In the 3D FDTD simulations, gold was modeled with the Drude dielectric function of a free electron gas: ε(ω) = ε - ωp2 / (ω2 + iγω). The Drude model was used to fit the experimentally determined dielectric function of gold in the spectral range from 580 to 1600 nm [22

22. P. B. Johnson and R. W. Christy, “Optical constants of the noble metals,” Phys. Rev. B 6(12), 4370–4379 (1972). [CrossRef]

]. The background dielectric constant ε, plasma frequency ωp, and collision frequency γ at room temperature were set at 10.48, 1.376 × 1016 s−1, and 1.177 × 1014 s−1, respectively. The domain and grid sizes were 1400 × 950 × 1200 nm3 and 4 nm, respectively. The uniaxial perfectly matched layer (UPML) was used as the absorbing boundary condition. The refractive index of water and glass was set as 1.33 and 1.45, respectively.

4. Spectral characteristics of the plasmonic resonant modes

In order to maximize the plasmonic fluorescence enhancement in the TIRF microscopy, it is necessary to tune the resonant wavelength of the antenna modes to the excitation or emission wavelength of fluorophores in use. We examined the spectral properties of the resonant modes by calculating the enhancement, of total electric field intensity, |E|2, as a function of the wavelength (Fig. 3
Fig. 3 Electric field intensity enhancement spectra of the first and third modes depending on the antenna geometry: (a) length, (b) width, (c) gap size, and (d) thickness. The enhancement was calculated at the center of the nano-gap 10 nm above the substrate. Here, we set the initial geometric parameters, namely, antenna length, width, gap size, thickness, as 450, 150, 30, 55 nm and varied only one of the parameters.
). The enhancement is the intensity ratio at the center of the nano-gap between the presence and absence of the antenna. Since a plane wave normally incident on the antenna plane was employed, the second mode was not excited. One can easily see that the resonant modes of the modified bow-tie antenna can be widely tuned by changing its length as shown in Fig. 3(a). As the length increases from 300 to 500 nm, the first mode shifts from ~830 to ~1260 nm and the third mode, from ~580 to ~690 nm. The wide spectral tuning is able to deal with diverse fluorophores having different excitation or emission wavelengths. As a result, they are highly flexible for the desired application [23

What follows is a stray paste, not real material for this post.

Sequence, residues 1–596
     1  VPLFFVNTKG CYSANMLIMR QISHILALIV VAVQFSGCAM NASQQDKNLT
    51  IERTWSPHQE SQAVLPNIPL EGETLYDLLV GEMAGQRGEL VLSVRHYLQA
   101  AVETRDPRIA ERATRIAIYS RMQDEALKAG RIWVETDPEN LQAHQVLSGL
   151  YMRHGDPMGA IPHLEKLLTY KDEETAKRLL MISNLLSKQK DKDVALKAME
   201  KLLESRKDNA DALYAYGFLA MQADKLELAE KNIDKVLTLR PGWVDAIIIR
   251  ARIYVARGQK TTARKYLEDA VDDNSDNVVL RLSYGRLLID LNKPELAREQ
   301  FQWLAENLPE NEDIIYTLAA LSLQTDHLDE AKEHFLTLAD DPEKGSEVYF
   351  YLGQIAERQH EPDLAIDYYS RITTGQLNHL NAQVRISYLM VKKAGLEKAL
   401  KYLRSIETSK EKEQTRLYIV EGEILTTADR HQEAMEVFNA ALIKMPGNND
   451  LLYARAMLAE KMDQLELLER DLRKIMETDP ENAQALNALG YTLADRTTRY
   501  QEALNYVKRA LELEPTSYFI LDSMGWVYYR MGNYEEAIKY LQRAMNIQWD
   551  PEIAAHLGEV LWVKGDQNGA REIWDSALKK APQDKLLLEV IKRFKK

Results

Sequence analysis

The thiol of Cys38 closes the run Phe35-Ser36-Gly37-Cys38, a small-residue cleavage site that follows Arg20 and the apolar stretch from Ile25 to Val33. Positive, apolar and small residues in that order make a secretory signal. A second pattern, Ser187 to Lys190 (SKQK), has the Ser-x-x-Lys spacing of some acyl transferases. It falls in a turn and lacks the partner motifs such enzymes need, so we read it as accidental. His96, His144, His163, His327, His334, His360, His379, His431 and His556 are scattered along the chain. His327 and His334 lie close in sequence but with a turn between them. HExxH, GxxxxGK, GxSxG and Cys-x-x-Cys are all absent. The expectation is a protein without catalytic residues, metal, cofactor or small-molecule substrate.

23. C.-D. Hu and T. K. Kerppola, “Simultaneous visualization of multiple protein interactions in living cells using multicolor fluorescence complementation analysis,” Nat. Biotechnol. 21(5), 539–545 (2003). [CrossRef] [PubMed]

]. In particular, we set the first mode to operate over the entire near infrared (NIR) range, which consists of frequencies to which most biological materials, including proteins, cells, and even tissues, are transparent, and in which no damage or destruction occurs from direct light absorption [24

24. K. König, “Multiphoton microscopy in life sciences,” J. Microsc. 200(2), 83–104 (2000). [CrossRef] [PubMed]

,25

25. Z. Li and Y. Zhang, “Monodisperse silica-coated polyvinylpyrrolidone/NaYF4 nanocrystals with multicolor upconversion fluorescence emission,” Angew. Chem. 118(46), 7896 (2006). [CrossRef]

]. In addition, the resonant wavelength of the third mode is sufficiently separated from the interband electronic transition range of gold [22

22. P. B. Johnson and R. W. Christy, “Optical constants of the noble metals,” Phys. Rev. B 6(12), 4370–4379 (1972). [CrossRef]

]. The interband transition causes a considerable loss in gold at wavelengths of ~500 nm or less and limits the practicality of using plasmonic nano-structures for many applications [26

26. V. Giannini, A. I. Fernández-Domínguez, S. C. Heck, and S. A. Maier, “Plasmonic nanoantennas: Fundamentals and their use in controlling the radiative properties of nanoemitters,” Chem. Rev. 111(6), 3888–3912 (2011). [CrossRef] [PubMed]

]. For an application requiring operation in the visible or even ultraviolet wavelength range, gold can be substituted with other metals, such as silver [27

27. T. Kang, W. Choi, I. Yoon, H. Lee, M.-K. Seo, Q.-H. Park, and B. Kim, “Rainbow radiating single-crystal Ag nanowire nanoantenna,” Nano Lett. 12(5), 2331–2336 (2012). [CrossRef] [PubMed]

] or aluminum [28

28. M. W. Knight, L. Liu, Y. Wang, L. Brown, S. Mukherjee, N. S. King, H. O. Everitt, P. Nordlander, and N. J. Halas, “Aluminum plasmonic nanoantennas,” Nano Lett. 12(11), 6000–6004 (2012). [CrossRef] [PubMed]

]. In contrast to the effect of the antenna length, changing the width does not significantly influence the resonance wavelengths, as shown in Fig. 3(b). During the width increase from 130 to 170 nm, the enhancement peak of the third mode is the only mode that exhibits a slight rise with a red shift.

The gap size predominantly determines the field enhancement, leaving the resonant wavelength nearly fixed as shown in Fig. 3(c). It is well known that the narrower the gap size, the stronger the field confinement [29